I do agree that the fear of loosing one's livelihood is a valid one, but it's wrong to become incensed without really objectively looking at what you feel threatened by. I simply want to know the truth. I also don't want to feel that others around me are just taking what's being dealt to them. Aren't they worried? Don't they want to do something or say anything? Don't they care? Are they wiling to do anything about it? Do they even believe that they can make an impact or has suburban living and corporate life softened them? I just get the feeling especially here at this company that there are too many people who are willing to follow orders blindly or under the false optimism that everything will be okay in the long run. I'm sure there are others who don't feel so powerless. I myself have decided that I want to be as informed as possible on all arguments surrounding the matter. I don't want to be swept away by the reactionary tide. Yes, I feel that it's important defend our right to work; however, I think it shouldn't be done without thought and balanced assessment of actual factors as well as careful and skilled framing of ones arguments.

I know that at times it will be difficult for me to divorce my own negative feelings and perceptions about corporate management and the 'logic' of bottom-line economics, but I want to follow the whole debate around outsourcing more carefully as well as vigilantly.


Some interesting additional notes and readings. This list is in progress. I do want to review some of these articles if I have the time.:

1. In a Goggle search for "legist ration against outsourcing" 5 of the first 10 search items were featured on Indian websites.
2. eWeek article attempts to answer some of the general concerns with the outsourcing trend: http://www.eweek.com/print_article/0,3048,a=61405,00.asp
3. "Choose to Compete: How Innovation, Investment and Productivity can grow US Jobs and Ensure American Competitiveness in the 21st Century." This is a statement put out by the CSPP (Computer Systems Policy Project), an organization of CEOs from major technology corporations including Dell,IBM, Motorola, and HP.
4. CRM (Customer Resource Management) article on 4 arguments against outsourcing: http://www.destinationcrm.com/print/default.asp?ArticleID=1039

Sunday, February 22, 2004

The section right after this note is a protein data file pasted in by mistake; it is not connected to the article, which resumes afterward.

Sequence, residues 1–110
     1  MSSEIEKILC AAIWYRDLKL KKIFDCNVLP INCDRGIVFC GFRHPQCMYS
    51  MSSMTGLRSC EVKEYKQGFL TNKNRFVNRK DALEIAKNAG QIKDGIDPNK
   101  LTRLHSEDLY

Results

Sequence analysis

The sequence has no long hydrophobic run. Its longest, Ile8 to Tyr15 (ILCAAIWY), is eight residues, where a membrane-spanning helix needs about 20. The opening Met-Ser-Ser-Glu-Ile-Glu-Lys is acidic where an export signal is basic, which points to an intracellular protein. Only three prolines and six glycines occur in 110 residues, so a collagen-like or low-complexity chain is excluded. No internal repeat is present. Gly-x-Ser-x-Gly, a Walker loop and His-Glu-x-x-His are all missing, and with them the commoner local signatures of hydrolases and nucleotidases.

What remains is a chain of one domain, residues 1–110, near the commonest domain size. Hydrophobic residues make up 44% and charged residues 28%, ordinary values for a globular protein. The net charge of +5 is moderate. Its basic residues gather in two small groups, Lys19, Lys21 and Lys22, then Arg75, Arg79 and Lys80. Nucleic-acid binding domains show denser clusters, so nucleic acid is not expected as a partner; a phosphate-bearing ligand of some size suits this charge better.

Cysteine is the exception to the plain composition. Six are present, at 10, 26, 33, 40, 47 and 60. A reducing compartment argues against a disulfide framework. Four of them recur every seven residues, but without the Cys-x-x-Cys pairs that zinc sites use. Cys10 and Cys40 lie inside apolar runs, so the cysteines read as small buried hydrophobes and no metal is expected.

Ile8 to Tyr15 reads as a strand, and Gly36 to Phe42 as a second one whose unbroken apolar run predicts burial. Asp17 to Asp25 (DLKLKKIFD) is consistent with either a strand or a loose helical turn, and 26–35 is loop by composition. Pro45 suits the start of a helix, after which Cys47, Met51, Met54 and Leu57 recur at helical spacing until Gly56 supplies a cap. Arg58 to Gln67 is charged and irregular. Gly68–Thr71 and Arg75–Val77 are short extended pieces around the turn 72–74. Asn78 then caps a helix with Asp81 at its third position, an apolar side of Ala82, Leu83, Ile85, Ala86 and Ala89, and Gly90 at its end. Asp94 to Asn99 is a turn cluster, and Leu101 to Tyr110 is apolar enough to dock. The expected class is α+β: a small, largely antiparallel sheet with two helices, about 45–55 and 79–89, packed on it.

Ode to Myzithra

I'm not really sure why I've got an obsession with this cheese. It's pretty salty and actually dry. But ever since I ate my first bowl for Spaghetti with Browned Butter and Myzithra Cheese at the Spaghetti Factory as a child, I think I've always had a softspot for the stuff. You won't ever catch me eating at the Spaghetti Factory again. I can't stand having to wait in line or to eat near tables with screaming children. My general rule about frequenting restaurants is that I don't patronize places where the wait-staff sings Happy Birthday loudly and out of tune. I think I would honestly die If I had to work in such a place. "It's your birthday. Well good for you- who gives a ...." I've since learned how to make my favorite spaghetti dish on my own, so I can enjoy it safely at home, and undisturbed by anyone's birthday.

Myzithra's magic comes from it's nutty flavor. Naturally, this flavor is complimented extremely well with butter (browned) and lemon. I do also have a partiality to the saltier cheeses and Myzithra is by far one of the saltiest I have tasted. In my online search I came across an intriguing recipe. I think that I will try this in the future if I get a chance:
http://home.att.net/~ashburysaubergines/r/r842.htm
Roasted Eggplant and Myzithra Cheese Puree
1-3/4 pounds eggplant
1/2 cup grated Myzithra cheese
2 tablespoons fresh lemon juice
2 tablespoons olive oil
2 cloves garlic
salt and freshly ground black pepper
Preheat broiler. Place eggplant on a baking sheet and broil, turning occasionally, until charred all over and softened, about 40 minutes. Set aside to cool slightly. When cool enough to handle, peel eggplant and roughly chop, reserving liquid. Sauté garlic in olive oil . Mix in remaining ingredients and season to taste with salt and pepper.

Yield: 6 servings

Because of all this exposure to Mediterranean cooking, I'm now on a Greek cusine kick as a result of my craving for this salty cheese. I'm on my way to the grocery... so I think I'm going to fix the following:

  • Avgolemono soup with acini pepe and fresh parsley

  • Bourekakia (Cheese Pastries)

  • Oven baked chicken with lemon and oregano

  • Spinach Salad with Feta and Tomatoes